In the past decade, EEG has been increasingly used for “functional connectivity (FC)” analysis (Stam and van Straaten, 2012). FC can be defined as the temporal correlation between spatially distant neurophysiological events, and is a measure of functional communication between distant brain regions. EEG is a suitable tool for analyzing FC of the brain, because of the high temporal resolution between signals recorded from different brain areas.
Efficient functional communication between neuronal regions due to a gradual optimal organization of structural connections develops mostly after birth. Distant neural populations need to be connected by associational and callosal fibers, and the myelination of these fibers is only completed after the second decade of life. Previous studies have provided evidence that functional networks change more dramatically during development than structural (physical) networks. Especially during the first years of life, many studies point toward an increase in segregation (the neuronal processing carried out by separate groups of regions) and integration (the efficiency of global communication) of functional networks in the brain (see Cao et al., 2016 for a review). However, most of these studies are conducted in subjects with PMAs above 46 weeks, and little is known about how functional brain networks develop in the period between 24 and 46 weeks.
Although EEG is a very valuable clinical technique, it does have several methodological pitfalls. A common methodological problem with FC analysis is that time series recorded from different electrodes can reflect activity from common sources, yielding statistical interdependencies that are not representing FC of the brain. This is referred to by the problem of “volume conduction” (Guevara et al., 2005). The nonlinear FC measure “phase lag index” (PLI) diminishes the problem of volume conduction (Stam et al., 2007). The PLI is a measure for the asymmetry of the distribution of phase differences between two EEG signals; it reflects the consistency with which one signal is phase leading or lagging another signal. PLI discards phase differences that center around 0 mod π, reducing the effects of common sources by the principle that a non-zero phase lag cannot be explained by volume conduction. A number of studies have demonstrated that PLI can be successfully used as a measure for detecting differences between functional network organizations in a wide range of ages (Boersma et al., 2013; Engels et al., 2015; Smit et al., 2016; Yu et al., 2016; Sunwoo et al., 2017; van Lutterveld et al., 2017).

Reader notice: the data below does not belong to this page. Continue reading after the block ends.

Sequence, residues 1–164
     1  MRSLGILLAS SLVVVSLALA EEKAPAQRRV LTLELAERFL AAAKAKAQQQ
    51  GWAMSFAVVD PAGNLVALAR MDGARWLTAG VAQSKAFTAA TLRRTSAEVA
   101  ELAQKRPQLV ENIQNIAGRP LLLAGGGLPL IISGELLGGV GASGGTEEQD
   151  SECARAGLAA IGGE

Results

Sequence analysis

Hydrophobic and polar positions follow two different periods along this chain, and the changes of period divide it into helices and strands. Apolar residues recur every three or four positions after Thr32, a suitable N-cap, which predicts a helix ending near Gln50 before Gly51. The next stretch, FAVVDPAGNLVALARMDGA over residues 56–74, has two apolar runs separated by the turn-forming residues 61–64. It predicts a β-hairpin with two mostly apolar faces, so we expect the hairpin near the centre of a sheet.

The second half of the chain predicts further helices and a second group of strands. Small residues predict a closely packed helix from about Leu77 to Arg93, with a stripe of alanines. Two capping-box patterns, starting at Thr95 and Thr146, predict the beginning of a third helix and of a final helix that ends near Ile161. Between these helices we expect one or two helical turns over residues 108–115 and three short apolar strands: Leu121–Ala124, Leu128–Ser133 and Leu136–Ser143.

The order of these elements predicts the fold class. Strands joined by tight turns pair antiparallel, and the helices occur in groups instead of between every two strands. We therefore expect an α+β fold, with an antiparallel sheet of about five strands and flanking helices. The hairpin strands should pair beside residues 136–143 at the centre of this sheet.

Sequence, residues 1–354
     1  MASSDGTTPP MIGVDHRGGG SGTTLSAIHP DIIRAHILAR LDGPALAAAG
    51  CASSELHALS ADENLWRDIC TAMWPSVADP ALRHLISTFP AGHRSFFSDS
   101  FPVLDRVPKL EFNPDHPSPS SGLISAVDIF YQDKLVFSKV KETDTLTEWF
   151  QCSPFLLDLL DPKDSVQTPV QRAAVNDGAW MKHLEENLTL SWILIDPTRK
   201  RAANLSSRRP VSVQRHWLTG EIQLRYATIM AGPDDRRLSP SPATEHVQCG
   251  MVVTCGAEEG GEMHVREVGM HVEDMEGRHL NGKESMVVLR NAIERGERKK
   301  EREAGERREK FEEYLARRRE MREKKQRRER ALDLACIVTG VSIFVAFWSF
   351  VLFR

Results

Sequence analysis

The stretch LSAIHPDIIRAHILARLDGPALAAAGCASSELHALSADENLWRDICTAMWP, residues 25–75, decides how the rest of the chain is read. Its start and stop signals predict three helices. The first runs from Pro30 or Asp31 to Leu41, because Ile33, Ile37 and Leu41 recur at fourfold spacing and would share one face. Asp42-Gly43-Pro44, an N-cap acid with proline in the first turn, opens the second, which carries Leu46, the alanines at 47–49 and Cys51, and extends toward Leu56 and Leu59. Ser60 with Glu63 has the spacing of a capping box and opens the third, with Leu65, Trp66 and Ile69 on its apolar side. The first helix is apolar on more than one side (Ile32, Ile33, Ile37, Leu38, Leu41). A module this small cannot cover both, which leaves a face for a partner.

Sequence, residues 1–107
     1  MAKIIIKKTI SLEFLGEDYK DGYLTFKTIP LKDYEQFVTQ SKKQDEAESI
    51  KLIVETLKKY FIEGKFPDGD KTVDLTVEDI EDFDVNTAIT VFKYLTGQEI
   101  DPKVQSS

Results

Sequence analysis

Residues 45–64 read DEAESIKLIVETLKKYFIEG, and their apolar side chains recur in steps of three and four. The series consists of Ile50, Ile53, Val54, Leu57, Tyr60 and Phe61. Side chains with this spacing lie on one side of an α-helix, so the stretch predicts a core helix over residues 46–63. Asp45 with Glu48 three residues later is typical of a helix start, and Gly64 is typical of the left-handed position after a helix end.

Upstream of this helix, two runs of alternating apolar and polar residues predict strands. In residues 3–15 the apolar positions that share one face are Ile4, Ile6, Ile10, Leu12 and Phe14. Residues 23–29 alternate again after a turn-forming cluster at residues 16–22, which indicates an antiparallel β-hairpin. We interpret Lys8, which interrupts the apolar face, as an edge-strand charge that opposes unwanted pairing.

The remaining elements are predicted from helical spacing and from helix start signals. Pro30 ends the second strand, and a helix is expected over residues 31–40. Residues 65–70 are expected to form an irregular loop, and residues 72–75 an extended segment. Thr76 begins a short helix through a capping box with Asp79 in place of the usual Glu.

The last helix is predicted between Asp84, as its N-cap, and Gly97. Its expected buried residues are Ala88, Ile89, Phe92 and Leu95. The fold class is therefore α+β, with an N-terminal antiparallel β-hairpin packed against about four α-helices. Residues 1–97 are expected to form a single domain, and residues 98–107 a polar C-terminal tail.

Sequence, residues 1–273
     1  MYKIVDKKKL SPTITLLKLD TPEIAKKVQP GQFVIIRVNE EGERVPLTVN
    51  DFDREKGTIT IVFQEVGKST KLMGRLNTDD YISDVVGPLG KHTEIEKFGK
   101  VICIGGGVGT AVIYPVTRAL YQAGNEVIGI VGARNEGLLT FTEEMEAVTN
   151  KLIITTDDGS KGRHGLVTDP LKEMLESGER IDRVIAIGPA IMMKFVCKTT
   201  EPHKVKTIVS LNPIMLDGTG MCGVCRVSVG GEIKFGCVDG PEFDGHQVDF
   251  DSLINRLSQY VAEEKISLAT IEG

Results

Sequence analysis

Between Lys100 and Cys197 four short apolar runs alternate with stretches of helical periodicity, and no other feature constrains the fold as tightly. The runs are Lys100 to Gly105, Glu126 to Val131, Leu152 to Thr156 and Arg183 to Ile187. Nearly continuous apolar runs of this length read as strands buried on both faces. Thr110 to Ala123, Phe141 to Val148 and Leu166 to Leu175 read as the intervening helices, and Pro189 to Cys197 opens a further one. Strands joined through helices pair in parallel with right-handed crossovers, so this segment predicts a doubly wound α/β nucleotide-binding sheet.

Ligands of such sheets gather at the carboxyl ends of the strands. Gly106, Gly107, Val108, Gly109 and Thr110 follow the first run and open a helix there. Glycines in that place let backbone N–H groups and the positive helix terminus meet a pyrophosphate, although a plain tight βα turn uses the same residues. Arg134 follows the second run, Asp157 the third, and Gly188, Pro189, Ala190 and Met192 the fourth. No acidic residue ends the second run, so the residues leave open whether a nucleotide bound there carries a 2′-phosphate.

Recently, it has been shown that the PLI is sensitive to differences in brains of premature and full-term neonates at a PMA between 39 and 40 weeks in delta and beta frequency bands (González et al., 2011). In addition, networks built on PLI measures were strongly associated with gestational age (GA) in full-term healthy neonates with PMAs between 36 and 41 weeks (Tóth et al., 2017). Although these studies point towards a role for PLI as a measure of brain condition in neonates, little is known about PLI changes in the period before 36 weeks PMA, when the first brain networks start to develop, and changes in brain network organization are likely to occur on very short time scales.
The objective of this study is to investigate how the PLI develops over time during the very early stages of brain development in a diverse group of preterm and full-term born neonates who underwent an EEG in clinical practice. The relationship between PMA and PLI is retrospectively studied in a group of neonates with a PMA < 46 weeks during recording. We hypothesize that PLI reflects the strong plasticity of the development of the neonatal brain during the first weeks of life after birth.